We gave Juan David a camera and asked him to take pictures of everything that caught his attention. This is what life in Mexico looks like to Juan David.
We recently talked with Pastor Matt Chandler about The Village Church, child sponsorship, the poor and his book, The Explicit Gospel.
Genuine relationship with God is more important than any of our leadership skills or theological training.
On his arrival to the student center, one six-year-old boy had a packet of cigarettes in his top shirt pocket. He drank and smoked, usually receiving alcohol and cigarettes from the men of the village who he would hang around with.
Five mothers met with our staff to answer questions about their families, the economy of their town and their hopes and dreams about the Child Survival Program. One of those mothers was Zulma.
Teens in Mexico want to know more about sports, their bodies and the physical changes they were facing. They also want to know about sexuality and issues such as alcohol and drug abuse.
From Cristo Rey de Gloria Student Center (GU-970) in Guatemala. Shaun Groves takes you on a two-minute tour of the child development center and shows you what it looks and sounds like when the children are there.
Jeff Arnold is the eyes and ears for sponsors through video and photography. He travels to each country we work in to get stories of sponsored children.
Now that the Child Survival Program is a reality in Mexico, things have started to change. Today, Mexico rejoices to have this program, but everyone is also very aware of the difficult situations mothers and young children face as they struggle to survive.
If you and I believe that God’s love is enough, will we fear less? Do you trust God enough to face your greatest fear? If you and I believe that God’s love is enough, will we fear less? Do we trust God enough to face our greatest fear?
Bob Lenz is one of our ministry’s speaker partners. Poverty takes many forms, and Bob Lenz has given his life to helping young people who struggle most with poverty of the heart.
Father, you gave us value on the cross by redeeming us. You have graciously blessed our lives with a purpose and a plan. Help us to encourage others in their God-given purpose as we unite to accomplish your plans.
After meeting our staff and church partners on the field, reports of natural disasters, civil unrest and family tragedies suddenly becomes more personal.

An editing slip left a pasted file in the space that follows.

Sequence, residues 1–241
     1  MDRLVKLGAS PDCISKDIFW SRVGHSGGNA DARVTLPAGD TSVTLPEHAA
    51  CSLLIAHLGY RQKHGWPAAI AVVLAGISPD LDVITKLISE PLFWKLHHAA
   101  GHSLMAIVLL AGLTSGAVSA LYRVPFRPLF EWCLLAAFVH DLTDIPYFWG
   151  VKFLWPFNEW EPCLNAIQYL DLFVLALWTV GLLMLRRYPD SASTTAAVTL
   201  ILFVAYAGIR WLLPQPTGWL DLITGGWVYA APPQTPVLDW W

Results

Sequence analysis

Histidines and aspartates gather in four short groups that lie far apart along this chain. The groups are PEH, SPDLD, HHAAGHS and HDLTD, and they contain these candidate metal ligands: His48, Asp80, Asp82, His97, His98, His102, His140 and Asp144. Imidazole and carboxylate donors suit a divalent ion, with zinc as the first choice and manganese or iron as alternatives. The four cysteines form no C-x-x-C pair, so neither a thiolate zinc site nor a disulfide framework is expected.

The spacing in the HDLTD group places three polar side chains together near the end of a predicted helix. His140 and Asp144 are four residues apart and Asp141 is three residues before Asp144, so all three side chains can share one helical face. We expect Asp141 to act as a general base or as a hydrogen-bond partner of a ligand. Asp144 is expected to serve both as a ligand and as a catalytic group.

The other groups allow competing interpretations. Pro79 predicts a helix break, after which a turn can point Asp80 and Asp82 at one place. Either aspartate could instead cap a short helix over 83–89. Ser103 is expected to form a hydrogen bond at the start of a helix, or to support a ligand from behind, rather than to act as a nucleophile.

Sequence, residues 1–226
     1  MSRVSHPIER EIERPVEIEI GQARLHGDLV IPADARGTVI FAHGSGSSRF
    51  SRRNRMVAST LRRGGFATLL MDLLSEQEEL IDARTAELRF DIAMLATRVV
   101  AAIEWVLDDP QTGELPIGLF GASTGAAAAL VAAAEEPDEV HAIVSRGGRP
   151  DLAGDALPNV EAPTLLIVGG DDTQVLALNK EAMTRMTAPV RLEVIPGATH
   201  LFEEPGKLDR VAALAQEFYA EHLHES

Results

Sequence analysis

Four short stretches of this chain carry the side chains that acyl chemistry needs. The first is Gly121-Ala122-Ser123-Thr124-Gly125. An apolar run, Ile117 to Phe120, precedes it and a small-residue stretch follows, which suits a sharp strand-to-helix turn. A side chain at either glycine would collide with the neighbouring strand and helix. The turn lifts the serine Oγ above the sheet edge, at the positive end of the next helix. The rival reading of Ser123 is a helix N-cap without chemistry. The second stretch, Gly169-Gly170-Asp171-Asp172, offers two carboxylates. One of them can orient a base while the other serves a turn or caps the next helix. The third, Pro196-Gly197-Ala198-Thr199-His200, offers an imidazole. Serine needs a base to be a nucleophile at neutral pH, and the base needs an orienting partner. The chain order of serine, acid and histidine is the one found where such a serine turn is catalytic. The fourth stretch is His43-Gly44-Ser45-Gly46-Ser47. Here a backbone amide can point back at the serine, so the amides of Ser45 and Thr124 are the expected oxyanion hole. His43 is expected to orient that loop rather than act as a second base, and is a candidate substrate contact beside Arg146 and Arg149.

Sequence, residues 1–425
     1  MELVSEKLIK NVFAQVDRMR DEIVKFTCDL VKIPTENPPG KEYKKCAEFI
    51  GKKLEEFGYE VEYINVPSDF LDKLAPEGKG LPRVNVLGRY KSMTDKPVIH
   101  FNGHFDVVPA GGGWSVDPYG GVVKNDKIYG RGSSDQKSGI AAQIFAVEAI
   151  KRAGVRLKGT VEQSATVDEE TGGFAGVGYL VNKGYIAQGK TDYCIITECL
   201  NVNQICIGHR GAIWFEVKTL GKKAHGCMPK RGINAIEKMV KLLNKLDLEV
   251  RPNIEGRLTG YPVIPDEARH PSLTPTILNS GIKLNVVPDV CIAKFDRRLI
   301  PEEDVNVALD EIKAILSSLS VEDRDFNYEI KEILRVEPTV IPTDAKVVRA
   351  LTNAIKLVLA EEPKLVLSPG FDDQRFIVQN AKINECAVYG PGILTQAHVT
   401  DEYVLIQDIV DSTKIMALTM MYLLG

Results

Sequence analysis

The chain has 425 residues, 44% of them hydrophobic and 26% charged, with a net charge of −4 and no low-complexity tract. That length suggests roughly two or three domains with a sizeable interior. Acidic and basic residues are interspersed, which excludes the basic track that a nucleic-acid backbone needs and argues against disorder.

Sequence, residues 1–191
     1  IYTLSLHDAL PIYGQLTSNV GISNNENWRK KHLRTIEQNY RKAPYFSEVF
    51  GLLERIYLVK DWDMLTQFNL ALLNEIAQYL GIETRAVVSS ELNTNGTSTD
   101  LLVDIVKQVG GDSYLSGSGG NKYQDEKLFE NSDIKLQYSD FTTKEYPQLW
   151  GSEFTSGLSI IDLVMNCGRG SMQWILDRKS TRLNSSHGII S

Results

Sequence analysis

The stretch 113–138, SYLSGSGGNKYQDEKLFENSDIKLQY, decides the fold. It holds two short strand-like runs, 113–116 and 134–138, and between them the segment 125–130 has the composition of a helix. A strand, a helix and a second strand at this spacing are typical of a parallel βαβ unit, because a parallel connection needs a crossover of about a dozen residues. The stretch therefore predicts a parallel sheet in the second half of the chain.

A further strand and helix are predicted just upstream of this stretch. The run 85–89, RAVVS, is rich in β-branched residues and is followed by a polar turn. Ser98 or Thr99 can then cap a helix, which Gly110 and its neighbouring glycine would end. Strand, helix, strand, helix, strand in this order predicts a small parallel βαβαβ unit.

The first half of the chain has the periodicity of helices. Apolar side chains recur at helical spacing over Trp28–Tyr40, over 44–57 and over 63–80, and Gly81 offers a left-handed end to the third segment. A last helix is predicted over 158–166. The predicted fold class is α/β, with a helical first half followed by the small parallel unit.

Some believe Tres Leches Cake originated in Nicaragua, although it’s enjoyed throughout Central America. If you have a sponsored child in Nicaragua or anywhere in Central America, try out this cake for a tasty treat — maybe on a night your family prays together for your sponsored child.
What are the hopes and dreams mothers in the developing world have for their children?
Sponsored children reflect their commitment to God no matter the circumstances around them. As they share their lives with you, they are encouraged by your response to them through your letters and prayers.
While making zucchini and poblano soup, Becky got in touch with her inner celebrity chef and took some creative license with the recipe. Which means — she winged it!
Piñatas are often associated with Hispanic birthday celebrations. However, some birthday celebrations in Guatemala do not include a piñata.
The most devastating words Sandra remembers ever saying were, “If it wasn’t for the Child Survival Program, I would have killed myself.”
There are hundreds of women’s groups who meet each fall, spring, and summer for bible studies, and with such little extra time and effort, they can take their faith into action, being the hands and feet of Jesus in this world.
Junior was 5 years old when he joined Compassion’s program. Now 17, he faces many pressures and dangers within his community of Portoviejo, Ecuador.
It’s hard to press on when you feel abandoned. It’s easy to give in to discouragement, but Paul and Barnabas didn’t do that.
One of Satan’s biggest lies is that we are too young for God to use us. When we are older, Satan will also try to tell us that we are too old to be used by God.
Kelly Burton’s role as an artist has changed and she feels a new sense of purpose when she stands before a crowd. She is an advocate, speaking for those with no voice.